Saturday 16 December 2017

Fulfil Mandela's legacy, Obama says

President Barack Obama and first lady Michelle Obama wave as they depart Waterkloof Air Base for a flight to Cape Town (AP)
President Barack Obama and first lady Michelle Obama wave as they depart Waterkloof Air Base for a flight to Cape Town (AP)
President Back Obama walks in Section B, prison cell No. 5, on Robben Island, the former cell of Nelson Mandela (AP)
Barack Obama, in silhouette, centre, walks past windows covered in bars during a tour of the prison on Robben Island (AP)
Barack Obama and First Lady Michelle Obama tour Robben Island (AP)
Barack Obama, second from left, and the first family tour a rock quarry where Robben Island prisoners once worked (AP)
US President Barack Obama, left, hugs Bishop Desmond Tutu during a visit to the Demond Tutu HIV Foundation Youth Centre in Cape Town (AP)
President Barack Obama speaks at the University of Cape Town (AP)

President Barack Obama has called on young Africans to rise to the challenge of shoring up progress on the continent that rests on a "fragile foundation," summoning them to fulfil the legacy of South Africa's beloved former leader Nelson Mandela.

In his own effort to carve out a piece of that legacy, Obama announced a new US-led initiative to double access to electric power across Africa, vowing to help bring "light where there is currently darkness."

"Nelson Mandela showed us that one man's courage can move the world," Mr Obama said during a speech at the University of Cape Town.

His remarks capped an emotional day that included a visit to the Robben Island prison where Mandela spent 18 of his 27 years in prison. The 94-year-old anti-apartheid hero has been in hospital for most of this month and is said to be in critical condition.

In deeply personal remarks, the US president spoke of standing in Mandela's cramped prison cell with his two young daughters, Malia and Sasha.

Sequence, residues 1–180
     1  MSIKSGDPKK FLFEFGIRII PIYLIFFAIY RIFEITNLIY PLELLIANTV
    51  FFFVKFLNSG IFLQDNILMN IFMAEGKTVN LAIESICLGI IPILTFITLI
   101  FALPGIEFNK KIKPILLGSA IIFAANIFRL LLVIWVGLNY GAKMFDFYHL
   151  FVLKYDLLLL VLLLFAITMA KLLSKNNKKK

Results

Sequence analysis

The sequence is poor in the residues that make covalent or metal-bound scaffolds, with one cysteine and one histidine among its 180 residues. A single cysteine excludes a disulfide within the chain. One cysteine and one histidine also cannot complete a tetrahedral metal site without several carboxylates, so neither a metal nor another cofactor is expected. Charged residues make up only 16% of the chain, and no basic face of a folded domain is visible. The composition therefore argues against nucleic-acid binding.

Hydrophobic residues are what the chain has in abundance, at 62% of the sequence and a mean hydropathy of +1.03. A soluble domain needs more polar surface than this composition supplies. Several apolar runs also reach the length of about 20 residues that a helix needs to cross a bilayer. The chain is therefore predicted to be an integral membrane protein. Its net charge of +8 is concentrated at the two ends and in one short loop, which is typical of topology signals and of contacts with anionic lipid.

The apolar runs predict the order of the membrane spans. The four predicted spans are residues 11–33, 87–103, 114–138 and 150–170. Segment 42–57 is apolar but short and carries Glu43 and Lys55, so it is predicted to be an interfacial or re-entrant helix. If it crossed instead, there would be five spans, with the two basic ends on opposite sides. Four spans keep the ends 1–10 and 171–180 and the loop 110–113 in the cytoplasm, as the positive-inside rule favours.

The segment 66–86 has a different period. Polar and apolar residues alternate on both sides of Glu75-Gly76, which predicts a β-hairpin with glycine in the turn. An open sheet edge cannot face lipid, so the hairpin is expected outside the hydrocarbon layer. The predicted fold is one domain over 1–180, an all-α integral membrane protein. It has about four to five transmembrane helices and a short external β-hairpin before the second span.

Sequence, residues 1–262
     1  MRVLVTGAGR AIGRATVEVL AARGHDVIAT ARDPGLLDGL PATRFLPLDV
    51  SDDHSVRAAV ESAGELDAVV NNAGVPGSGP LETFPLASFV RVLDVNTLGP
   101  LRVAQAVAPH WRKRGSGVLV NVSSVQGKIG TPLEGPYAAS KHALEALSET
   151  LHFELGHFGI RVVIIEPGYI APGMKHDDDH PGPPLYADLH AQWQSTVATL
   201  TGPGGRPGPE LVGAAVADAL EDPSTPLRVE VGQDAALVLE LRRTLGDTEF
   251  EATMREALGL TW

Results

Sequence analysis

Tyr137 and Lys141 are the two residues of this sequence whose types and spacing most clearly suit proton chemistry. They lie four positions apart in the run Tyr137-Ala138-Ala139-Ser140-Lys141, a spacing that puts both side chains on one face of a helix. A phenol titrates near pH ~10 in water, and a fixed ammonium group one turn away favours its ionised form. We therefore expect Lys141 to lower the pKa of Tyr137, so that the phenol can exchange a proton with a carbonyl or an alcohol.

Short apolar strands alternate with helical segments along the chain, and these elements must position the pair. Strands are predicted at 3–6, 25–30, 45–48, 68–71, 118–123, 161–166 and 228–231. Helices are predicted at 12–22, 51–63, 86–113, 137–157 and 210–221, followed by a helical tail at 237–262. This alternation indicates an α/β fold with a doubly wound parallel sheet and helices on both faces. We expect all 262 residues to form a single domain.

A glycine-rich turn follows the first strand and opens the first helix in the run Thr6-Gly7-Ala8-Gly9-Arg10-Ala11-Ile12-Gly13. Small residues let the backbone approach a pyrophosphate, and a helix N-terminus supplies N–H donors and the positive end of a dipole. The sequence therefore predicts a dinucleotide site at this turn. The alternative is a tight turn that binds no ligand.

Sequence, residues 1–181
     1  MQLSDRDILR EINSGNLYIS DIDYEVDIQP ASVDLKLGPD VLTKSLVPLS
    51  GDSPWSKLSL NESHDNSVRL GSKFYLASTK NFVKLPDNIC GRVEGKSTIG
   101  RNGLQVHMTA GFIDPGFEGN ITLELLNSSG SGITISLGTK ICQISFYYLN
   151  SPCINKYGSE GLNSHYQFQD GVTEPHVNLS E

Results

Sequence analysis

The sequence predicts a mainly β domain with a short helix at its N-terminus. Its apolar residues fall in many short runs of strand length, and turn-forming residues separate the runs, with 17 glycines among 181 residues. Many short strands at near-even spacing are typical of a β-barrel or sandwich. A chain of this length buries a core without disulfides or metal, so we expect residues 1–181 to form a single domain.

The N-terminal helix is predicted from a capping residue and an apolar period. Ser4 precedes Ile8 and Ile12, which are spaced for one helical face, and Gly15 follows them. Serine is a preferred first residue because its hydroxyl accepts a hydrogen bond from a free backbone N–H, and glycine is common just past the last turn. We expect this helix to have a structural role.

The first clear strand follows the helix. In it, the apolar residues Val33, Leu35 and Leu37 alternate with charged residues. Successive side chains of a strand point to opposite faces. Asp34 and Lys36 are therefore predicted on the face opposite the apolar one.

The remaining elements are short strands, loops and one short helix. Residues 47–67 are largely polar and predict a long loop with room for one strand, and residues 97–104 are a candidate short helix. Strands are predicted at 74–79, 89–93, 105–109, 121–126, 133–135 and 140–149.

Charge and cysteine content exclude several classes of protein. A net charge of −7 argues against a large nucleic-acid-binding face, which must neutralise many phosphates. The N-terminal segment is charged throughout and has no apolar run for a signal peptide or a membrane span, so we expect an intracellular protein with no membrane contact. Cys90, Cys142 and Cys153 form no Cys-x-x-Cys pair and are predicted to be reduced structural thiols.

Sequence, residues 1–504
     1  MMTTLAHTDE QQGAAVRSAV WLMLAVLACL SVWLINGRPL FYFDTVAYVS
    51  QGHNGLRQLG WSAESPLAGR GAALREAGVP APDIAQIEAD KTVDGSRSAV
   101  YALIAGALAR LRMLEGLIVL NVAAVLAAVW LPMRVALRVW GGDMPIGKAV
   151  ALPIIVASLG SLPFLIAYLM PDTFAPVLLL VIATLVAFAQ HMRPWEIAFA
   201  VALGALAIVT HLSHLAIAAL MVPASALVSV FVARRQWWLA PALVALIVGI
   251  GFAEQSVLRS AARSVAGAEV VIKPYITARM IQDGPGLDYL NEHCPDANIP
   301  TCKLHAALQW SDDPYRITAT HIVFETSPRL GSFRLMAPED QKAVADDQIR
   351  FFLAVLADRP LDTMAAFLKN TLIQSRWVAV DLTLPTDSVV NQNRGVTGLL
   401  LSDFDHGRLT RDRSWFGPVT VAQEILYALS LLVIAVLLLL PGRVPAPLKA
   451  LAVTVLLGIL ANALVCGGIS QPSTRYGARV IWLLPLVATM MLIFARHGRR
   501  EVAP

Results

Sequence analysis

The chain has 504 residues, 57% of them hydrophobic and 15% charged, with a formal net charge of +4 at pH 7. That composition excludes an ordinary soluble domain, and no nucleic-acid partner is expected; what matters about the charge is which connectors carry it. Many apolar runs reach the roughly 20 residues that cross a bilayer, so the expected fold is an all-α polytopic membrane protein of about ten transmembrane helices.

"Seeing them stand within the walls that once surrounded Nelson Mandela, I knew this was an experience they would never forget," he said. "I knew they now appreciated a little bit more that Madiba and others had made for freedom," Mr Obama added, referring to Mandela by his clan name.

His address came nearly 50 years after Robert F Kennedy delivered his famous "Ripple of Hope" speech at the same university, an address that aides said helped inspire the president's remarks. Kennedy's speech, delivered soon after Mandela was sentenced to prison, called on young people to launch a fight against injustice, creating ripples of hope that would "build a current which can sweep down the mightiest walls of oppression and resistance".

Laying out his own vision for development on the continent where his father was born, Mr Obama said the US seeks "a partnership that empowers Africans to access greater opportunity in their own lives." He dismissed the notion that the US sought to meddle in Africa's affairs, saying his country would benefit from the continent's ability to manage its own affairs - economically, politically and militarily.

"Ultimately I believe Africans should make up their own minds about what serves African interests," he said. "We trust your judgment, the judgment of ordinary people. We believe that when you control your destiny - if you got a handle on your governments - then governments will promote freedom and opportunity, because that will serve you."

The White House says Mr Obama's electricity initiative, dubbed "Power Africa," symbolises the type of cross-continent ventures the president seeks. Backed by seven billion dollars in US investment, the power programme will focus on expanding access to electricity in six African countries: Ethiopia, Ghana, Kenya, Liberia, Nigeria and Tanzania.

Press Association

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